Here’s the Review of the Cash Flow Chart:
First Manufacturing Run
Notice, so far none of the outputs have been cash! To do things right, you need to be able to make these investments and THEN have money available to produce the first manufacturing run which won’t really start selling for many months after you make the deposit. It’s a good thing to think about at the very beginning of the process as you might not want to quit your day job just yet.
If things have gone well so far and you’ve gotten enough good feedback from the market and have a soundly manufactured product in hand, then you are ready for the real deal. The first manufacturing run will likely be the minimum order quantity (MOQ) of the factory (you were only able to get the factory to make below the MOQ for the seeding run because you were very nice, persuasive, and paid a little extra money to make it worth their while).
The main purpose of the first production run is to have (a lot) more product for seeding the market and to actually start selling some product and seeing some input into the cash flow equation.
Input: Money for the enough products to meet the MOQ, final designs and packaging
Output: Cash from sales (Congratulations!), major seeding of the market, customer feedback, potentially, more funding
Steady State Manufacturing
Once you are ready for your second order, you have reached a nice plateau. After this, you will make some small changes to your product and perhaps get your next great idea from the experience, but overall you should be at a relatively steady state. The design is finalized, manufacturing details and hurdles have been worked out, the market knows about you and product is selling. There can be changes to packaging or bundling to think about, but overall you’ve gotten over the hump.
As you’re thinking about this stage before you’ve arrived though, you must really consider cash flow. This is where it gets the most difficult for two possible reasons. Most people think of the scenario of product not selling and not having enough cash from sales of the first manufacturing run to place the initial steady state order, but, actually, the cash flow problem is much worse if your product is wildly successful. If your product is flying off the shelves, you still probably aren’t seeing that money right away, but you have demand and so you have to place a bigger order, more quickly. Even though you haven’t been paid, you still have to fund the 50% deposit of this big order with the factory in order to get them started (after you’ve begged and pleaded and tried to make them understand that things are going really well and they really, really will get paid if they would just make the product!).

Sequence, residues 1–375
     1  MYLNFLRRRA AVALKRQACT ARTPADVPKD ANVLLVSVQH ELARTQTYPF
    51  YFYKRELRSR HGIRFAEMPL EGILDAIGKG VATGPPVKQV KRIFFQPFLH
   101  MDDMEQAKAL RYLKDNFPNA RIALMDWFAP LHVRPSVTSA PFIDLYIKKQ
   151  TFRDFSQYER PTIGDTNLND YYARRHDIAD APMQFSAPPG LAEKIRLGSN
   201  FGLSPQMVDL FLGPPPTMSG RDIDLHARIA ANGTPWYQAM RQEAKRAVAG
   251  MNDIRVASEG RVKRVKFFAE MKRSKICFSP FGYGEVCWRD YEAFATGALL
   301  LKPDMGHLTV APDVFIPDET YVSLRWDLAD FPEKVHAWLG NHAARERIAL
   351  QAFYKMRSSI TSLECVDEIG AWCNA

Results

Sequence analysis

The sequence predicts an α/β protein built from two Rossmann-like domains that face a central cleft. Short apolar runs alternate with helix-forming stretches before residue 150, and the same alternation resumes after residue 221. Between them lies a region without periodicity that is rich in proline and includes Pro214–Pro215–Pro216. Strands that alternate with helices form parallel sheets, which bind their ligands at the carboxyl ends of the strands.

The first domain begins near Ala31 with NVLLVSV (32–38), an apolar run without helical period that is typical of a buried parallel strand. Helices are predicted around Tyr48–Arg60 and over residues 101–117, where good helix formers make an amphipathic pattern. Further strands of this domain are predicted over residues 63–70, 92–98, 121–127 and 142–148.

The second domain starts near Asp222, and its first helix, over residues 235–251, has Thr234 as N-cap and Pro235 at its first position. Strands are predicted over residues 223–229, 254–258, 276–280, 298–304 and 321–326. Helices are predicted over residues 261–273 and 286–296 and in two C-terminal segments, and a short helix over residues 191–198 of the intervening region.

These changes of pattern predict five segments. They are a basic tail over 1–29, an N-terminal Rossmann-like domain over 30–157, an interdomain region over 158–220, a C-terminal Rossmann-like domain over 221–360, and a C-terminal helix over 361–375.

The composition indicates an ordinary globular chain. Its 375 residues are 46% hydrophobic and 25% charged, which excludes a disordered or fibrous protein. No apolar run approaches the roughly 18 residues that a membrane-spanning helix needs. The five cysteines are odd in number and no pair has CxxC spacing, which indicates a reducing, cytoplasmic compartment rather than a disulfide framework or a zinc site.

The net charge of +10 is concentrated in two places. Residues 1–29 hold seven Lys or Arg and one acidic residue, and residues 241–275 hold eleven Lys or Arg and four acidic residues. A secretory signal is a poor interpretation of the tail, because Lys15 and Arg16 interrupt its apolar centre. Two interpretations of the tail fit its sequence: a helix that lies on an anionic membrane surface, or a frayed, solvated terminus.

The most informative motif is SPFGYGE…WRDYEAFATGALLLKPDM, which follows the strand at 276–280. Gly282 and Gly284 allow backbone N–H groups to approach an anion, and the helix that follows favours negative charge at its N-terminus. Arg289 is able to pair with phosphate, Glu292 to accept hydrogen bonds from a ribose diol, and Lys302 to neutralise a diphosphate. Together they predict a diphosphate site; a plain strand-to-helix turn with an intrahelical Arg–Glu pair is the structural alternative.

In fact, if things are really going well, you might not make back your initial investment for many manufacturing runs as each subsequent run is significantly larger and each deposit significantly higher. You may also have new product ideas to piggyback on your success that need design investments. It’s a good idea to go through the possibility of success before you get there and think of where those monies can come from. If you’re not prepared, you may end up having to take a funding deal that is second best in order to avoid burning bridges with your avid customers.
Input: The cash for the product
Output: market demand first (if things go well), cash from sales second
Final Notes on Cash Flow
Cash flow is the single most important, consistent-across-the-board aspect that will determine if a small business succeeds or fails. Dividing your business planning into the cash flow cycles is a great way to make optimal decisions. The outputs from each stage will quickly guide you to understand the best inputs for the next stage. As such, define your inputs to each stage so that you get the most value out of your outputs, not just monetarily, but with careful attention to detail in all of the phases of your business. Know exactly what it is that you expect to get out and only invest your money into those inputs that get you the information and progress you need to move into the next stage. Always remember the end goal, national/international distribution.